Liberal Education: A Survey Of Goals

Mark Valenzuela, James Allen, Brian Swenty
2008 Annual Conference & Exposition Proceedings   unpublished
In the fall of 2006 the authors' institution started a process of re-evaluating its general education program. And like many other masters-level institutions, the university's general education program was a curriculum common to all programs on campus, whether in the college of arts and sciences, engineering, education or business. As often happens at smaller universities, engineering faculty at the university had the opportunity (and took advantage of the opportunity) to help shape the general
more » ... p shape the general education curriculum, balancing the needs of its engineering students with the mission of the university to produce liberally educated men and women. This paper examines how 33 institutions try to resolve this tension of particular professional needs and overarching liberal education needs in their general education programs. Institutions in the study were chosen from the 2007 US News and World Report rankings of colleges and universities, focusing on high ranking schools in the category of undergraduate engineering programs and regional masters level universities with an engineering program. Previous studies in this area have focused primarily on the percentage of course work in general education for the engineering student, recognizing the constraints in an undergraduate engineering curriculum that prepares students for practice in four years. Secondarily, previous studies have focused on the courses (English, History, Art, etc) that comprise a general education program. In contrast, with the shift in assessment from a checklist of courses to an examination of outcomes, the study presented in this paper focuses primarily on the stated mission and goals of an institution's general education program as well as on the outcomes that relate to the general education component of the institution's engineering programs. Further, given the emphasis in assessment on transparency and public accountability, the institutions' websites were used as the primary sources of information for the mission of the general education program at the institution, whether through an online catalog or separate webpage for their general education program. It has been found that the most common goals for general education programs include writing and communication as well as civic responsibility. However, the survey of programs reveals other underlying issues that engineering programs may wish to consider as they provide input into the general education programs of their respective institutions, including globalism and diversity, the interconnectedness of learning areas, and attitudes for life-long learning. The results of the survey are examined in light of two perspectives, one from outside the profession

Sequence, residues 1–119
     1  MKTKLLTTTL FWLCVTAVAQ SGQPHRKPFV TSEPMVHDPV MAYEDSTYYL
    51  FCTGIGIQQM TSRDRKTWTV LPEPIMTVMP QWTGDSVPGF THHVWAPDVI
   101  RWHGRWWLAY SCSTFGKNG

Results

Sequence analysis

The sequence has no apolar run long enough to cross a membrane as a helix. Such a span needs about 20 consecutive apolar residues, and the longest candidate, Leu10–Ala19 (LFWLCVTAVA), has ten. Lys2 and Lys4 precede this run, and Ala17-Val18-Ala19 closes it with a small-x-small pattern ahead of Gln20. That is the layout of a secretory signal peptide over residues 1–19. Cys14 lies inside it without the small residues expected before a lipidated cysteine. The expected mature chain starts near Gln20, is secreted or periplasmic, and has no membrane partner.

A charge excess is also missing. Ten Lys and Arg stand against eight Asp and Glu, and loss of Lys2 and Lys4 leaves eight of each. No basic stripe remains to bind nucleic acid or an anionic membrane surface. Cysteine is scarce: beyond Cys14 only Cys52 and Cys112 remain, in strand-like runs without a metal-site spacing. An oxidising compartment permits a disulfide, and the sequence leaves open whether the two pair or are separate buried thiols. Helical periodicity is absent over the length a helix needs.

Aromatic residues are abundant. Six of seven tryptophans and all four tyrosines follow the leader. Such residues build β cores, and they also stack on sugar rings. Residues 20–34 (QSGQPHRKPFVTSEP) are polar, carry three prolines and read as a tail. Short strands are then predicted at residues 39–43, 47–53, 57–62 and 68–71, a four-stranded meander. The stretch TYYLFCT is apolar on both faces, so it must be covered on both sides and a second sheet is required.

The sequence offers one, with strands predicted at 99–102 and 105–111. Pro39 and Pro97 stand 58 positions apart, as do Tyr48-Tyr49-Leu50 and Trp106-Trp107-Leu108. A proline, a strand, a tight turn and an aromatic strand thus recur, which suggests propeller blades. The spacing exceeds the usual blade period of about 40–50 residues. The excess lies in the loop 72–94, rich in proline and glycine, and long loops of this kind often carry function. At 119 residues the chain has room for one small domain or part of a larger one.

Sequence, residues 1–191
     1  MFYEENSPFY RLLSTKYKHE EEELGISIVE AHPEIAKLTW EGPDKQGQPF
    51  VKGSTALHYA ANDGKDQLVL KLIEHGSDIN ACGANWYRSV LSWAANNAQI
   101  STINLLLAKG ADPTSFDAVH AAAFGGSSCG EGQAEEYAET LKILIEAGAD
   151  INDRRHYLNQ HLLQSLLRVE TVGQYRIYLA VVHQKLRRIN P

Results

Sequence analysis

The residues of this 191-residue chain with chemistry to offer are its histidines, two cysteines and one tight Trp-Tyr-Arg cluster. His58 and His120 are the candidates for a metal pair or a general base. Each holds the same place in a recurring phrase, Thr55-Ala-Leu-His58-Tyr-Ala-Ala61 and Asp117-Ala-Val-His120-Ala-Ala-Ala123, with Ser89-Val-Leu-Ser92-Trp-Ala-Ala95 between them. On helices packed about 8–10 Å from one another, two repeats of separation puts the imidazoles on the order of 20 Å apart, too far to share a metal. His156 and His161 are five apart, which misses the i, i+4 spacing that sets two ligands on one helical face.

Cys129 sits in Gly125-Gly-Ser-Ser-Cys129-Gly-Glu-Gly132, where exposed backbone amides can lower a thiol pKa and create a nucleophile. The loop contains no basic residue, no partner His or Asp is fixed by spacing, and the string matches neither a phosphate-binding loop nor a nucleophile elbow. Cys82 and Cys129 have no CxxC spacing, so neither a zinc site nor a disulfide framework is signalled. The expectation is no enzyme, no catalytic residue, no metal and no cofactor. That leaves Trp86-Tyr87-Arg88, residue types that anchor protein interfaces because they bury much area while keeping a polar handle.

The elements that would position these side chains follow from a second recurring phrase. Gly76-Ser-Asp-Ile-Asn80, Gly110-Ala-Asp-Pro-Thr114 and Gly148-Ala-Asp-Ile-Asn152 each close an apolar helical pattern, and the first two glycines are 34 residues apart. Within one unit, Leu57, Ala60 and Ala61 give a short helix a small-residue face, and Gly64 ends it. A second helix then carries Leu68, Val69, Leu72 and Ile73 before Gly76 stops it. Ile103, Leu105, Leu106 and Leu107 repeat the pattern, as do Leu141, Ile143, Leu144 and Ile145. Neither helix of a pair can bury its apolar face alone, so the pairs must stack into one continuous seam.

doi:10.18260/1-2--3604 fatcat:nmhdbsnylrguxlpek7kxwacqxi